Sunday 10 April 2016

In case you missed it - May on Planet Hugill: May Night, Streetwise Passion, Romeo & Juliet in the Round

Welcome to a busy and highly operatic March on Planet Hugill, with visits to Manchester for Streetwise Opera, and to Germany to hear a new completion of Bach's The Art of Fugue.
Things kicked off with a strong revival of Richard Jones' production of Il Trittico at Covent Garden. We were treated to two Handel operas, first Iestyn Davies starred in the title role of Orlando with Harry Bicket and the English Concert, then Handel met Game of Thrones in a superbly confident Ariodante from London Handel Festival and Royal College of Music.
Still at the colleges, the Royal Academy of Music gave us Rimsky Korsakov's rarely performed May Night in the industrial space that is Ambika P3. Covent Garden kept the Russian theme with the original version of Mussorgsky's Boris Godunov.
For Easter we were in Manchester and lucky enough to catch something simply remarkable, Penny Woolcock's promenade production at Campfield Market Hall, The Passion from Streetwise Opera and The Sixteen. Another vividly intense evening was Bellini's Romeo and Juliet in the round from Pop-Up Opera

English Touring Opera

ETO opened their Spring season with a welcome performance of Gluck's Iphigenie en Tauride. In another rarity, Pia de'Tolomei, Donizetti's opera was brought convincingly to life on stage in Hackney. A winning trio was rounded off with an enchanting and vividly characterised production of Mozart's Don Giovanni.

Wigmore Hall

There was spiced with some 17th century politics in Purcell's music for Charles II from The Sixteen, Maxim Rysanov and Ashley Wass in Schubert, Leonid Desyatnikov, Sergey Akhunov, Dobrinka Tabakova and unexpected delights from Ekaterina Siurina and Luis Gomes (a last minute stand-in for Charles Castronovo) at Rosenblatt Recitals.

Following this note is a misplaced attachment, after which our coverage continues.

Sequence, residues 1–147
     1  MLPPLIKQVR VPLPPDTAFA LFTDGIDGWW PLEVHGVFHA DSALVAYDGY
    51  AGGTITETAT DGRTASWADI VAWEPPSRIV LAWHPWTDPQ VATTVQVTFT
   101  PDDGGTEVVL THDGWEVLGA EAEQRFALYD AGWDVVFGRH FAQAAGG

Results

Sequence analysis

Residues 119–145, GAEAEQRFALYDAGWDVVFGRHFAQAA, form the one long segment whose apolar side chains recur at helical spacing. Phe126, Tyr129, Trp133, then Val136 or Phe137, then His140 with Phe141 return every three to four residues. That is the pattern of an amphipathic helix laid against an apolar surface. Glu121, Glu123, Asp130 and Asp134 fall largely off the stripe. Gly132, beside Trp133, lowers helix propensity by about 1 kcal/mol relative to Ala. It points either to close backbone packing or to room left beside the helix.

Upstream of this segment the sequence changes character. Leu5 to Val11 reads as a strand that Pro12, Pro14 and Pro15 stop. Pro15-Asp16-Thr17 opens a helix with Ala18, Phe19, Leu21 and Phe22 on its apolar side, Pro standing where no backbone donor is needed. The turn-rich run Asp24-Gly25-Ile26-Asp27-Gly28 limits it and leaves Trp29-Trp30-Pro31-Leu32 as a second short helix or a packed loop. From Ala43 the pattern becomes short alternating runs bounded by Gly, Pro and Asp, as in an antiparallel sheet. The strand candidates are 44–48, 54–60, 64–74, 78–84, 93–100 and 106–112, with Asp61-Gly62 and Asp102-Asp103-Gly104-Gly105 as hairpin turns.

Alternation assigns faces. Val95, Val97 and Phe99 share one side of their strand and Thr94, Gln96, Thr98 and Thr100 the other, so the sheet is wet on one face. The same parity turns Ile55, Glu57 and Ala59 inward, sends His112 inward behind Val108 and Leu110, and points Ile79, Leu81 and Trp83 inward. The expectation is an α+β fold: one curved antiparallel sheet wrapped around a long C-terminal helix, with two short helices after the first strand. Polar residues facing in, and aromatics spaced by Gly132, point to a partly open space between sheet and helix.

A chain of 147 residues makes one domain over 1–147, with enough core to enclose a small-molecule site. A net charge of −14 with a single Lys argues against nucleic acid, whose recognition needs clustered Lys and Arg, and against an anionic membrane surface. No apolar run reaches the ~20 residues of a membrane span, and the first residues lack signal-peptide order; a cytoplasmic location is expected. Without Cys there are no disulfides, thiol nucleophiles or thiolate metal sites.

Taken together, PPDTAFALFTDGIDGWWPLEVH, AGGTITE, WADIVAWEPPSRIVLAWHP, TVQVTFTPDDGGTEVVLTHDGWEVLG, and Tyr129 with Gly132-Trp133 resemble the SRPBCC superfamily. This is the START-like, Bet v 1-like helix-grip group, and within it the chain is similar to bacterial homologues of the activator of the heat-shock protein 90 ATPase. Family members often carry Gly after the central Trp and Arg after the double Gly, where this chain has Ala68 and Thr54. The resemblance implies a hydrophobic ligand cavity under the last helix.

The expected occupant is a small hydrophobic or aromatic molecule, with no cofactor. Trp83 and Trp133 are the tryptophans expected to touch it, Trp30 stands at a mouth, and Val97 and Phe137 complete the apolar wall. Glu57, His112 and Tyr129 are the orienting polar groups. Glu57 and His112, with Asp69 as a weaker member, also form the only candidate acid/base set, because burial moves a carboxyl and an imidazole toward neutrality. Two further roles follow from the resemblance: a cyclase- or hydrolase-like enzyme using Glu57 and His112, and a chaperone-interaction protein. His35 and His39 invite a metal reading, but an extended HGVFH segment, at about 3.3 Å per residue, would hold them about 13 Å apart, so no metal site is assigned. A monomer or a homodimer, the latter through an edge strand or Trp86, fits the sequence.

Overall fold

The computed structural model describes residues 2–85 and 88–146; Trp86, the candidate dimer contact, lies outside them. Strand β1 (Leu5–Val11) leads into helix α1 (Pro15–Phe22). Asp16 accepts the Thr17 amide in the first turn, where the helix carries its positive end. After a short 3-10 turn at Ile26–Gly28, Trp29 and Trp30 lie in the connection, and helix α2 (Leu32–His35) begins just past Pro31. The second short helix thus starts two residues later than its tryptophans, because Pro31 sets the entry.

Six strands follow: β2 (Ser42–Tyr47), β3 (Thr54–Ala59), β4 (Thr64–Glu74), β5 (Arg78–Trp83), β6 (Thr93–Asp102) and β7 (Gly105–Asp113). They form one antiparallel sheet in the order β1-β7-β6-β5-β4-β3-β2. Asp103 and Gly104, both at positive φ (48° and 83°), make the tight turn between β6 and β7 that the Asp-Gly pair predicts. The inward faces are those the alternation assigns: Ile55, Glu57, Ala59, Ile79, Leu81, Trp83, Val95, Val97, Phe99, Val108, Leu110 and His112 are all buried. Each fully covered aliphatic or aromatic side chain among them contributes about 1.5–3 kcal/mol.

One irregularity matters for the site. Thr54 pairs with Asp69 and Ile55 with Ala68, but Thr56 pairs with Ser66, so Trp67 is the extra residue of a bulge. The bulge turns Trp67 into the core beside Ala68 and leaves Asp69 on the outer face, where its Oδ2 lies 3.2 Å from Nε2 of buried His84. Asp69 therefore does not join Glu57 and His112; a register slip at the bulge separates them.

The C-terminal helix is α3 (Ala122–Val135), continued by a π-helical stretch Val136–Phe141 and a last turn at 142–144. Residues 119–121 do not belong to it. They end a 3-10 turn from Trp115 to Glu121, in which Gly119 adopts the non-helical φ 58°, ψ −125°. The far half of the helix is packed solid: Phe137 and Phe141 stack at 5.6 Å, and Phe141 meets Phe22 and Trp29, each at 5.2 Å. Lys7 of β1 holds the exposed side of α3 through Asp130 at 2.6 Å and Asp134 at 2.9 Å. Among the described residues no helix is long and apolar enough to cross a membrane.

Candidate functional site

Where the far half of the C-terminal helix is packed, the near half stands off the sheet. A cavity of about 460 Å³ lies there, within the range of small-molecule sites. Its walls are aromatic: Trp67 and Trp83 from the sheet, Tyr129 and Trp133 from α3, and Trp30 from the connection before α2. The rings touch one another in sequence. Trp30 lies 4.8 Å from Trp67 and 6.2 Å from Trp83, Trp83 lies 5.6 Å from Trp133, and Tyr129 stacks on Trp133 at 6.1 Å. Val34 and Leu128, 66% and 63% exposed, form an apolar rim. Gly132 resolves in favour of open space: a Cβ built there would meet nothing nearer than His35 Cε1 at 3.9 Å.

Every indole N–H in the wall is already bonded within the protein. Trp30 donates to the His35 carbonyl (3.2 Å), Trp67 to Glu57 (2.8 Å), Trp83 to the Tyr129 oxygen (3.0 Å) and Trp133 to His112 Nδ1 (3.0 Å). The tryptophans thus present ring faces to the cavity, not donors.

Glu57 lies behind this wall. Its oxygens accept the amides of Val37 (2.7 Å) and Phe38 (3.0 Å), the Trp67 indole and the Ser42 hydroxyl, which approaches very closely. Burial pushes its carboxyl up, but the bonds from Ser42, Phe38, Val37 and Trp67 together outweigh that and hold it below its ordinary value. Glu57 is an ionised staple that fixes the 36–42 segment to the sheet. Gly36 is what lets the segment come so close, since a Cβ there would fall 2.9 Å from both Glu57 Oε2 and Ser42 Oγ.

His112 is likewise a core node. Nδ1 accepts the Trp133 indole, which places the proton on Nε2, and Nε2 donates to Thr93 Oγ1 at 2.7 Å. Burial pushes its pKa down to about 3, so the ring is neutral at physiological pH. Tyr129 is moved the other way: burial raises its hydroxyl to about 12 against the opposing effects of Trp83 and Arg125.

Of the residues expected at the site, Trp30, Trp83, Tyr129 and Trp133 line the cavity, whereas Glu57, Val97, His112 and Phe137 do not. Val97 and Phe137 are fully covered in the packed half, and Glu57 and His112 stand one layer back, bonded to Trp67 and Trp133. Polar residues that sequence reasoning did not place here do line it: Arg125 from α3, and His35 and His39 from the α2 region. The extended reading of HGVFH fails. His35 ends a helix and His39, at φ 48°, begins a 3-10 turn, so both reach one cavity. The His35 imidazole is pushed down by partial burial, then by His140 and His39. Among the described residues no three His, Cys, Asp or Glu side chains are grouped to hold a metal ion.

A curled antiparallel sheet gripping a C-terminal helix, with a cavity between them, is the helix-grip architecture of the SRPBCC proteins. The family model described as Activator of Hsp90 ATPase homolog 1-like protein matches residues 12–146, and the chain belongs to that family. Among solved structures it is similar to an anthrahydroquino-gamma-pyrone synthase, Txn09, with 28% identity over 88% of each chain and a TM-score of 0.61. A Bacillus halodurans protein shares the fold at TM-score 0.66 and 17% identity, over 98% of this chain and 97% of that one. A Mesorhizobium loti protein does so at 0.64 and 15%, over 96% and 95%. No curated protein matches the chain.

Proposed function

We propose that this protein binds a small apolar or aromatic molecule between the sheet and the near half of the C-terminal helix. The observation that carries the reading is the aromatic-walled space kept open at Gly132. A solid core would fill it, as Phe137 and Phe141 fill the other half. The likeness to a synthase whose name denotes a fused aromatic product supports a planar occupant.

Various Venues

Brasil Brasileiro, Song in the City went to Brazil, whilst the National Opera Studio presented Baroque to Broadway at Rhinegold Live. I travelled to Cologne to heard the German-Japanese pianist Kimiko Ishizaka perform Bach's Art of Fugue with her own completion.

From our correspondent

Ruth heard the Brook Street Band exploring Margherita Durastanti, Handel’s Italian Muse at St John's Smith Square, and heard Louis Spohr's rarely performed Last Judgement from an enterprising young ensemble at LSO St Lukes. Claire Rutter, Stephen Gadd, City of London Choir performed Mendelssohn, Strauss & Brahms at Barbican. At the Wigmore Hall, the Myrthen Ensemble sang Songs to the Moon. And Ruth experienced the silliness of English mores through Irish eyes in Gerald Barry's crazy version of The Importance of Being Earnest.


Not a shooting star, but a well rooted planet - my encounter with soprano Ilona Domnich
The transition from dark to light, I talk to director Olivia Fuchs about Mascagni's Iris
Singing is great for you, and doesn't hurt anybody, my encounter with composer Will Todd
You don't look at the music and understand it at once: pianist Kimiko Ishizaka on playing Bach

CDs we have listened to

Scattered Ashes - Josquin's Miserere and the Savonarolan Legacy
Joyful accounts of trio sonatas not published in Handel's lifetime from Brook Street Band
Israel in Ägypten - Mendelssohn's take on Handel
Handel's Imeneo in its Dublin incarnation
Schumann song cycles from Alice Coote and Christian Blackshaw on Wigmore Hall Live
Entrancing duets from Lucy Crowe and William Berger
Cello Music from Austria-Hungary - Beethoven, Artur Schnabel and Emmanuel Moor
Dvorak's concert overtures from PFK Prague Philharmonia & Jakob Hrůša
Christoph Denoth in Palomo's Nocturnos de Andalucia
Dance into concert music, Nimrod Borenstein's Suspended
Showcasing the talents of Albanian tenor Saimir Pirgu, Il mio canto
The Captive Nightingale: German romantic rarities from Elena Xanthoudakis
Captivating contemporary songs, Elena Langer's Landscape with Three People


Our header image this month is from the English Touring Opera's production of Gluck's Iphigenie en Tauride, photo by Richard Hubert Smith
Click on any of the links to take you to the relevant article on Planet Hugill.

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